By Nida Ammar
I’ve seen enough horror movies to know that any weirdo wearing a mask is never friendly.
Elizebeth, Friday the 13th Part VI: Jason Returns
It was a quick meeting over coffee when a dear friend asked me, “So, what do you guys do on Halloween?”
“We don’t do Halloween,” was my answer to my now dismayed friend. We are, after all, surrounded by Halloween; in our schools, our stores, our neighborhoods, everywhere. Before I tell you why I don’t do Halloween, let me tell you first how I navigate the season itself.
First of all, where I come from in the Middle East, there is no fall season. Autumn is represented by a sort of squishy weather, neither hot nor cold. It is lottery weather. You dress up warm, you dress up cold, you either got it right or wrong that day and most important of all, no yellow, red, and orange leaves. Most of the trees back there are evergreen: pine or olive. Some percentage of our trees are fruit trees that shed their leaves. However, there is almost non-existent need to rake leaves or use leaf-blowers. You see where I’m going with this? Fall festivals of any kind weren’t a “thing”.
After the great journey here, which occurred just before fall 2016, I found amazing joy in walking on crunchy leaves and jumping in piles; which is something I never got to do before. The smell of the air was so soul-warming I never wanted the fall to end. One
teacup after the other near my window has revived a part of me I never knew existed. I always thought I was a spring person, but in Toledo, it turned out I am a fall person.
Along came Halloween. While my family and I do not celebrate this occasion for many reasons, my biggest one is that I actually get freaked out by the name itself. When I hear the phrase “Halloween” all I can think of is the movie. And on that occasion on October 31st 2016, which I witnessed here for the first time, who do you think was lurking near my window? Someone dressed up as Michael Myers.
No. No, thank you!
We were on our way out and I had stayed behind to get the baby’s stuff. Michael waved at me through the window. Chills running down my spine, I grabbed my baby, locked up and basically ran to the car where my husband, his friend and our daughter were waiting. I think I was completely pale at that point. It was kind of funny, because although I knew this was just a neighbor dressed up in costume, I could not handle it.
The following year, we had a better plan. Halloween? Find a non-related event or just go hide at someone’s place who does not care about it at all. I must say, we do usually participate in providing candy for the school because…you know…who hates candy? I am, however, perfectly content to end my participation in Halloween with that.
And to look at this from another point of view, what’s with the costumes? To me, costumes are just another expense that I would gladly cross off any list. I get the jitters when I walk into store during the fall and the first thing I see are superhero costumes and Disney princess dresses. Why can’t children just enjoy the trick or treating in regular clothes? When my 5-year old tells me we “have to” buy a costume, what does that tell me? Or her?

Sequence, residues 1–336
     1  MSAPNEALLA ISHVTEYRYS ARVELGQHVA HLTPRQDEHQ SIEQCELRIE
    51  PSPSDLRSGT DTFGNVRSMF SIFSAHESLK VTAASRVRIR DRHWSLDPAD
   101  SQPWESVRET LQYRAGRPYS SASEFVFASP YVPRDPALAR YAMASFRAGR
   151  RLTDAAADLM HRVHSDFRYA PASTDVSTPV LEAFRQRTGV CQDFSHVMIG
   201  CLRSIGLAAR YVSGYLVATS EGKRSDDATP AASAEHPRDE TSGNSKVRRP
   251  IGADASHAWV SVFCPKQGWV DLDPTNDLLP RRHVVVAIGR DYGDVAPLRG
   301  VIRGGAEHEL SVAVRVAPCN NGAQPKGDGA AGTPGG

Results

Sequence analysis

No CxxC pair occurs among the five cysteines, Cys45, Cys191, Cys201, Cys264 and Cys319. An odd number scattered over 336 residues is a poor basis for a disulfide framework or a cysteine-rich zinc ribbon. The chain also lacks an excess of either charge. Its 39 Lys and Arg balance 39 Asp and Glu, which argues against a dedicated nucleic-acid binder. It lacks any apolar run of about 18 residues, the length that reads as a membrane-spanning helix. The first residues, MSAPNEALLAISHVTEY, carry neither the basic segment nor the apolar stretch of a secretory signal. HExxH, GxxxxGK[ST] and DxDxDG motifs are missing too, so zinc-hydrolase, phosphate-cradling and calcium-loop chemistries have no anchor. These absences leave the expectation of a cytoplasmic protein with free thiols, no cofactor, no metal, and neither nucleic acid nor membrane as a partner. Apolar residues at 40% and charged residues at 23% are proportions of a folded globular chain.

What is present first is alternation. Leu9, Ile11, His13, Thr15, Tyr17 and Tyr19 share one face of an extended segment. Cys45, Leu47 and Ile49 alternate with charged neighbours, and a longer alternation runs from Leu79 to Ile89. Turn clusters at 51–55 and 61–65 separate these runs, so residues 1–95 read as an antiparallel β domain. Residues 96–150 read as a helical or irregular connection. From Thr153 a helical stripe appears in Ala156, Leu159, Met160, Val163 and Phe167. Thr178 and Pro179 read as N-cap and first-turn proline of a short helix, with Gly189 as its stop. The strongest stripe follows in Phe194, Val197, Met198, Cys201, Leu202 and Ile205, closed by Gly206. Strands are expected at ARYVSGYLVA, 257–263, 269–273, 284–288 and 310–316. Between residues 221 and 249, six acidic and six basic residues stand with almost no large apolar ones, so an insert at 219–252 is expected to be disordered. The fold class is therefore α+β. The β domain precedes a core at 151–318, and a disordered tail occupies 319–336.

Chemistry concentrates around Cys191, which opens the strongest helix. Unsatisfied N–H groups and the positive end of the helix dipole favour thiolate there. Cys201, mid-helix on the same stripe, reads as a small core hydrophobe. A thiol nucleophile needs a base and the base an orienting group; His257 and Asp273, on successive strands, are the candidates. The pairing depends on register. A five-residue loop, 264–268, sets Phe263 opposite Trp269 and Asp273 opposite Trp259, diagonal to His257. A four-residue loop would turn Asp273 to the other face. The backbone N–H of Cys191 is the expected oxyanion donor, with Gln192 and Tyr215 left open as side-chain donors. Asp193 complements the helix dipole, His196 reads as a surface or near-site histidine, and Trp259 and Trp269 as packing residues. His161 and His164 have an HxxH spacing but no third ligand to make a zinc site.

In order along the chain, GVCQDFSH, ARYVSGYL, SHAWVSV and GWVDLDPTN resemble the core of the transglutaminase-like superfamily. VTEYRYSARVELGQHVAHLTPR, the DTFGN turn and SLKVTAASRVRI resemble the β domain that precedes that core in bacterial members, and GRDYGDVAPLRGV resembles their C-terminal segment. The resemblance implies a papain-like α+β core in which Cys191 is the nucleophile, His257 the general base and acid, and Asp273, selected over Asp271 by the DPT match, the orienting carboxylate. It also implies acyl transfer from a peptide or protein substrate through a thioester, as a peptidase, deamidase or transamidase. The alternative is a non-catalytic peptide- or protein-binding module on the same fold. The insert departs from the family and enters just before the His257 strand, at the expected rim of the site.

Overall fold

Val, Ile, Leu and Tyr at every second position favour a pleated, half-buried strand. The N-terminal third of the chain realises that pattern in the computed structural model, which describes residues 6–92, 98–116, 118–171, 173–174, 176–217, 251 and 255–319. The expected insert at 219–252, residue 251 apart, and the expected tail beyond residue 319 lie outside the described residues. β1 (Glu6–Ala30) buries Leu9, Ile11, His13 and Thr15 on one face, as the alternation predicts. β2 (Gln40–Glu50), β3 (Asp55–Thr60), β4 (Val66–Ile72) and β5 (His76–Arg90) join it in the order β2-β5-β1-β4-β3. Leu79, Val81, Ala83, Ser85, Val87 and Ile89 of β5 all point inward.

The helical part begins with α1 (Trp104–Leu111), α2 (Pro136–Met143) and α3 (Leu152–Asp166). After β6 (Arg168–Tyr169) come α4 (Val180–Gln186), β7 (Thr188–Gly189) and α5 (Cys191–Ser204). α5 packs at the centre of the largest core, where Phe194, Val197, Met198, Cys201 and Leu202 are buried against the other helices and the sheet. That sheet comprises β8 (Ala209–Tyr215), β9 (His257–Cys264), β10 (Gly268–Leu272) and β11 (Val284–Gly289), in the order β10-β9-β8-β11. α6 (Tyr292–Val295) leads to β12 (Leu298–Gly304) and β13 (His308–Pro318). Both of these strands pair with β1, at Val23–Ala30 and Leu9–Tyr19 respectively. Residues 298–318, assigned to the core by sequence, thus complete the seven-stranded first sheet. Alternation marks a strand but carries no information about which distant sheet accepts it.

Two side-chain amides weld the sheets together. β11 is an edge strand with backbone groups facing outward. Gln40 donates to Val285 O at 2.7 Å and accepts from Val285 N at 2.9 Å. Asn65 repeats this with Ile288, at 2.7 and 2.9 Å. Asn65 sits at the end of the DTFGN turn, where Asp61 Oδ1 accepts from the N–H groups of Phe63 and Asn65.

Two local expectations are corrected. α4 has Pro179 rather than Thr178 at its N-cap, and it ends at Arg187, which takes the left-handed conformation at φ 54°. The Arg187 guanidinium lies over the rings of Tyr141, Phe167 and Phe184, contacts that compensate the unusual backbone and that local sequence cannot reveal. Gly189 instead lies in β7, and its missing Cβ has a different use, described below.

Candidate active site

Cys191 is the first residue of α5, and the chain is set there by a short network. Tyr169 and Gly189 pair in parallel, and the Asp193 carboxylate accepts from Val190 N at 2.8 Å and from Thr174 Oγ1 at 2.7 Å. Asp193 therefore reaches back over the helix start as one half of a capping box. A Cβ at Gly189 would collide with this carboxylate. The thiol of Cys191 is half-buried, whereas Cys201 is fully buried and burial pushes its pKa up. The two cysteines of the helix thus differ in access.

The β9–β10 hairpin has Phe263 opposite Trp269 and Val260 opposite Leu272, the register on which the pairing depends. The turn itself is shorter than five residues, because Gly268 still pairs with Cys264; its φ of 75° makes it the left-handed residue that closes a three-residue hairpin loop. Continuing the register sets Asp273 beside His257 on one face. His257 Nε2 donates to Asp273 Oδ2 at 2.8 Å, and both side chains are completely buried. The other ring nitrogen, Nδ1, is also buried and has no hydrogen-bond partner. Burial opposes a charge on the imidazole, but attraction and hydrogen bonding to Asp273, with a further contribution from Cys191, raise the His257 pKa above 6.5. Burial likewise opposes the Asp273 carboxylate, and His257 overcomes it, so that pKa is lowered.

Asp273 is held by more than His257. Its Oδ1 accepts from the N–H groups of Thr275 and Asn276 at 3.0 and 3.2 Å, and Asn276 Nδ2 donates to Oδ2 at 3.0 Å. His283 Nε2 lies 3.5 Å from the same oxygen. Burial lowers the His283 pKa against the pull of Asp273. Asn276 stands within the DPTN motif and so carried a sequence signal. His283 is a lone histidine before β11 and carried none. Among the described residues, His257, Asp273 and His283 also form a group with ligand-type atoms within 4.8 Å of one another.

And the pumpkins. I feel bad when I see a carved pumpkin. Do you know how many containers of delicious yummy soup I can make with just one of them? I cannot carve one, but I sure can turn it into a meal!
Does it HAVE to be scary?
Also, why does Halloween have to be scary? I draw the comparison to a similar trick or treating event that happens in the middle of Ramadan month in Middle Eastern Gulf countries. The children get dressed up in traditional clothes or just their newest fancy outfit, they carry a bag and go door-to-door, singing a nice song with a prayer. Basically, our kids are saying give us candy and may God bless you and give you all you want. They get their candy, go on to knock on the next door and we are left with a nice little thought for the day. No costumes, no Michaels lurking in the dark. Just candy. A simple occasion to make the children happier.
Now don’t get me wrong, I love pumpkin patches, corn mazes and fall festivals, I LOVE THE FALL! But I can not handle Halloween. So, I will enjoy my fall weather, and good luck to you on Halloween night.
To sum up, here are the reasons I do not celebrate Halloween:
- Because I don’t like buying costumes that will get ruined in a few hours and thrown in trash later
- Michael Myers
- I don’t get the connection between candy and scary
- I have a belief that pumpkins were made to be converted into my yummy pumpkin soup, not for carving
- I don’t know how to carve a pumpkin
- Michael Myers
Check out RightSizeLife.com and our calendars for information on how to get the greatest dose of fall, candy and fun this season .
Nida Ammar is the the Communications Lead for CCTRONIC, a design engineering firm focusing on helping farmers and agriculture producers improve their output and efficiency while preserving and respecting the environment. She is also a regular contributor for RSL, including feature articles and providing information for Shoppers on Site. When not writing Nida rides herd on her two kids, one husband and lives in downtown Toledo.